We have to go back to the times of the Gold Rush of the Far West for the original specimen, and the people who used the term “a tin horn gambler” then thought they were giving a literal name to the person or persons who were thus described.
In other words, the name was applied to those gamblers who could not take the chances of the more aristocratic and costly game of faro, and were obliged to content themselves with the less pretentious game of chuck-a-luck.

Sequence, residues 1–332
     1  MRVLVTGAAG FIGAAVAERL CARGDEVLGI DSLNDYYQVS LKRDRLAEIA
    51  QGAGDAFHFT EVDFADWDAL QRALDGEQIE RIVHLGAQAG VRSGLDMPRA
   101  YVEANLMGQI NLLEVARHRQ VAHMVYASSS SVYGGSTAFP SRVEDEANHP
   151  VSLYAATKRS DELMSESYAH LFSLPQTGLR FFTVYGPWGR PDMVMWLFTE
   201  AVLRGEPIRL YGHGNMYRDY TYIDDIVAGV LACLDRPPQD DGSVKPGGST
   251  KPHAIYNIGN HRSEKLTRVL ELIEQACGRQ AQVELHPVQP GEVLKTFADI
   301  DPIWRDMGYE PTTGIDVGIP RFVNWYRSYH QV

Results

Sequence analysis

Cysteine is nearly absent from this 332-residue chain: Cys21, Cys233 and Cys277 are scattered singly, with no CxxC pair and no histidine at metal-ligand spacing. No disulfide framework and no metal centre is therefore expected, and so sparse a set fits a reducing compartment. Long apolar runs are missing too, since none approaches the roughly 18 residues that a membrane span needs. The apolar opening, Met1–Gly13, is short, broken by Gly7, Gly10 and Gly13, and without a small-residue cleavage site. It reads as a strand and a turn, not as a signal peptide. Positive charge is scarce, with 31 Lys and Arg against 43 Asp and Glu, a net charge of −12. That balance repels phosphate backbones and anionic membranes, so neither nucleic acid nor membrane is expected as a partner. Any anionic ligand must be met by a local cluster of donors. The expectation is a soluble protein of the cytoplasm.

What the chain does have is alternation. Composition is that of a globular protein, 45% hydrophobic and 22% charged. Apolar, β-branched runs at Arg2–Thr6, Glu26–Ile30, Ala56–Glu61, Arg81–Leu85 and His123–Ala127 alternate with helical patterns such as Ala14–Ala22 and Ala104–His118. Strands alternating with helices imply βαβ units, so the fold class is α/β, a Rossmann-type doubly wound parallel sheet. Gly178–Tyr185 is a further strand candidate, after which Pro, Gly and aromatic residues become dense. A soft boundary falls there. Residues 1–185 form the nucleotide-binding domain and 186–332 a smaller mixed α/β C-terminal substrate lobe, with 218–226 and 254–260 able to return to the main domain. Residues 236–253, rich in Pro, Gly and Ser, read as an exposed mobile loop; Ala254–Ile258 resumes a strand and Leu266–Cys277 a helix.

This is a game played with three dice, the gamblers betting the house that (a) all three will turn up with the same number, or (b) that the sum of the three will equal a certain number, or (c) that at least one of the three will appear with a specified number on its face.
To relieve the monotony of shaking the dice all evening long the operators employed “a small chum-like affair” which, popularly, was called a tin horn.
The game was a cheap one and, in consequence, the would-be sports who played it became tin-horn gamblers or sports, a term nowadays applied to anyone making a flashy appearance on a cheap scale.